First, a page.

Ray Russell’s Statement on Healthcare in North Carolina
A healthy North Carolina is a prosperous North Carolina. Community health is a big topic, much bigger than a traditional “healthcare” discussion. Healthy living happens best when citizens have educational and job opportunities, living wages, good food, live in safe communities, and have clean air and water. In Ashe and Watauga Counties, we enjoy the extra advantage of living in one of the most beautiful regions on the planet. But even in healthy communities, people get sick, have accidents, and age. The topic addressed here is how we as a community and state address care for people who are sick or injured.
Caring for families is a North Carolina value. We value the right to affordable healthcare and prescription medications that don’t bankrupt families!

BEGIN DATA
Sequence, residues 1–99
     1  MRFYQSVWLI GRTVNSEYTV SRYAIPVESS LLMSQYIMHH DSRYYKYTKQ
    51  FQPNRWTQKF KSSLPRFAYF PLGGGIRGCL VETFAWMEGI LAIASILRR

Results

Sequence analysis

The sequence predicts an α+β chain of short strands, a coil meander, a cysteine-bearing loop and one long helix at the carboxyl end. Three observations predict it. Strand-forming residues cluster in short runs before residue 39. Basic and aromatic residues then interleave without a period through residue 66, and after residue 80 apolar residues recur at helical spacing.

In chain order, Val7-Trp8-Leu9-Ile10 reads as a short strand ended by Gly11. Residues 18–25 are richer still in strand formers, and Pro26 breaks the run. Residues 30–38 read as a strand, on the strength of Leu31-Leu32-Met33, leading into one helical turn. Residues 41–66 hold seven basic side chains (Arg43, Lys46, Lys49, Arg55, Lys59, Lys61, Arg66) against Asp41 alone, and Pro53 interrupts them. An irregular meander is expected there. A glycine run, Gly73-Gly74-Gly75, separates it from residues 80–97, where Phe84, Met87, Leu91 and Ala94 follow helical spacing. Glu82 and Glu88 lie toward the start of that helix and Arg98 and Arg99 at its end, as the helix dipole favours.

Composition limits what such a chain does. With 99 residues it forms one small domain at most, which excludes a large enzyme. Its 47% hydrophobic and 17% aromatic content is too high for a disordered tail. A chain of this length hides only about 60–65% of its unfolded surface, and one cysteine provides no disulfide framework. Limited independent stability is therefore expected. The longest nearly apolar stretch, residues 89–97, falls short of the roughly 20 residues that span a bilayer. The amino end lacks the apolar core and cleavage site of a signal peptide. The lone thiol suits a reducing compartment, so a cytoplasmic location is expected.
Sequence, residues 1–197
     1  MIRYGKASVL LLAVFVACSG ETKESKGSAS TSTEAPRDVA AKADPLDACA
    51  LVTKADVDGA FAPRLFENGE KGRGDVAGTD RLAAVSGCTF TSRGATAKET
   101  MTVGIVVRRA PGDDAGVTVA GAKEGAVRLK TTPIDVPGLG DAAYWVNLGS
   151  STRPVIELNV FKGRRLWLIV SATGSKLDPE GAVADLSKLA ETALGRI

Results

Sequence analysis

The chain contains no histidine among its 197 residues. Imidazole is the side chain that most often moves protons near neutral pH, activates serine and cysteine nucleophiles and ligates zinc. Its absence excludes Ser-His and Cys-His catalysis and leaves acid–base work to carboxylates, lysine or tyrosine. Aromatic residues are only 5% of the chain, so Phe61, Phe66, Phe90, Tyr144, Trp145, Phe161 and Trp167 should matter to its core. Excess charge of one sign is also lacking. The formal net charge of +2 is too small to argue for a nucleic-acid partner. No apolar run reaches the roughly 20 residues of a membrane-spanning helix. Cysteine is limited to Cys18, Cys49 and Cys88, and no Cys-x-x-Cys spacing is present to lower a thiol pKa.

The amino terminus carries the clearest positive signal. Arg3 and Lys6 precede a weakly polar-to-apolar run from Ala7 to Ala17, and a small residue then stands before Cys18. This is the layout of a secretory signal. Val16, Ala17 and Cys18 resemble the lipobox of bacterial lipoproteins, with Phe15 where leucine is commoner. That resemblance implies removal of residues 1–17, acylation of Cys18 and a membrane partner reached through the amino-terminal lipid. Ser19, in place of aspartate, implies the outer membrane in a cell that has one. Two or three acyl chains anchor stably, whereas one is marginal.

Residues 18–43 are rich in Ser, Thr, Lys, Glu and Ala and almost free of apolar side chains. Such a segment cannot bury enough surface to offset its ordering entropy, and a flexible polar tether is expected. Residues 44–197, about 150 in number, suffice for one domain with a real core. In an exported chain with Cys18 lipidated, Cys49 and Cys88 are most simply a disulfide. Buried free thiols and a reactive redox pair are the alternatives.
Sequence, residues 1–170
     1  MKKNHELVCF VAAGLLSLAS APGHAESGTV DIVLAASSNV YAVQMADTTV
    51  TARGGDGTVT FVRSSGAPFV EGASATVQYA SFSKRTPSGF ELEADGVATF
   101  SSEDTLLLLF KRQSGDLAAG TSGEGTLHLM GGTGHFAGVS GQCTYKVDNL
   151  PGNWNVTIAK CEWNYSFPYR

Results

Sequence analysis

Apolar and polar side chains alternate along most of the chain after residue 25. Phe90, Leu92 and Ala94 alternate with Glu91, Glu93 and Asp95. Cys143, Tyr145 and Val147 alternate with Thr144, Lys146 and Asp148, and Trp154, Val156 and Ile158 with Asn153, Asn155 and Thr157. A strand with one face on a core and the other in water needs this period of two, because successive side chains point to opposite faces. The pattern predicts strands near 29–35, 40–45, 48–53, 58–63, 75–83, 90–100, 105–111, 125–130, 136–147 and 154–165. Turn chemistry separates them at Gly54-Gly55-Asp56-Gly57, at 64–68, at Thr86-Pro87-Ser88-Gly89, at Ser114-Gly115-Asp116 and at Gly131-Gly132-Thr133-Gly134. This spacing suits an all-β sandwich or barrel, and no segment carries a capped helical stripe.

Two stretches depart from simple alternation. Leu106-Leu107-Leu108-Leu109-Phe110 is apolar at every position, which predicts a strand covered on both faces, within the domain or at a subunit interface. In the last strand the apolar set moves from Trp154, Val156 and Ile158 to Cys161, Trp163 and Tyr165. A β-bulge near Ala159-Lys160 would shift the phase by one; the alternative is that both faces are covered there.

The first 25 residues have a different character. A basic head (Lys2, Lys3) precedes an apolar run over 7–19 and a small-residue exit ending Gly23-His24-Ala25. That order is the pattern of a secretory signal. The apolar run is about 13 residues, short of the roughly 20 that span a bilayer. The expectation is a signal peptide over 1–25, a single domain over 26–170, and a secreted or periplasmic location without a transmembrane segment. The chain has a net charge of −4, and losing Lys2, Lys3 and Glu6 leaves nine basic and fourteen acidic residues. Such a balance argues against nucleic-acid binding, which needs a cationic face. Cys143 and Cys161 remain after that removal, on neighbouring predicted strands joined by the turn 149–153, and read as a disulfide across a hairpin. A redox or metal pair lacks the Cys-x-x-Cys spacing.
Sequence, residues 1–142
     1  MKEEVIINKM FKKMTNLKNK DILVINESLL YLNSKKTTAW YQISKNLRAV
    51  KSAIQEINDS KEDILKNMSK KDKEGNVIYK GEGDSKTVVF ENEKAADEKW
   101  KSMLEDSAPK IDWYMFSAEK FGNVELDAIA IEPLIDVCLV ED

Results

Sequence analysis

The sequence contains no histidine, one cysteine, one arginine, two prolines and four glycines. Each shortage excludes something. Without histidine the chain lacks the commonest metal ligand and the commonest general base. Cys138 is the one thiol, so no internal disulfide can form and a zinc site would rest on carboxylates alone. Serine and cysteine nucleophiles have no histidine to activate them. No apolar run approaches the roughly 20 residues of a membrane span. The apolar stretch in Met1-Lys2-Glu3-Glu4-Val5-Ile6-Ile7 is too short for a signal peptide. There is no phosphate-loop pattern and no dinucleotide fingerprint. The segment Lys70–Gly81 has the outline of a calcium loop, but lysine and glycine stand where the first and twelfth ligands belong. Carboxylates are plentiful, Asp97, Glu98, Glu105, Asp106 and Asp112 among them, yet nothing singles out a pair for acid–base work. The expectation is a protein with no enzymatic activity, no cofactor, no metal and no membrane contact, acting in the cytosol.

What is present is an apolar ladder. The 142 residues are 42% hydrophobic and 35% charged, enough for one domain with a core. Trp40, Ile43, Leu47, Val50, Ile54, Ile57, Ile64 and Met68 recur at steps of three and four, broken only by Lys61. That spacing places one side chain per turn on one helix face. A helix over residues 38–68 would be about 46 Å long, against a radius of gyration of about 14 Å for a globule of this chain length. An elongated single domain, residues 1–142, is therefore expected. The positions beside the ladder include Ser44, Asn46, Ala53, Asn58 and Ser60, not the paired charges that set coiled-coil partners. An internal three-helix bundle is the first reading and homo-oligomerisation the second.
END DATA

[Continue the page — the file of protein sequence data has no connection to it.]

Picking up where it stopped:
In Ashe and Watauga Counties, we are blessed with excellent local hospitals thanks to the hard work and skill of so many people. We are also fortunate to have caring, dedicated individuals who devote their careers to helping those struggling to pay for healthcare (like AppHealthCare, High Country Community Health, the Community Care Clinic, the free pharmacy at the Hunger and Health Coalition, Ashe Health Alliance, and so many more). But we also have a shortage of medical professionals and rural hospitals are struggling financially.
Our campaign has knocked on over 3,300 doors. When asked, “What matters to you?”, one of the most common answers is “affordable health care.” At one doorstep, the woman at the door broke into tears saying, “I’m not a deadbeat. I’ve worked since I was 14 years old, but I can’t afford my asthma medicine.”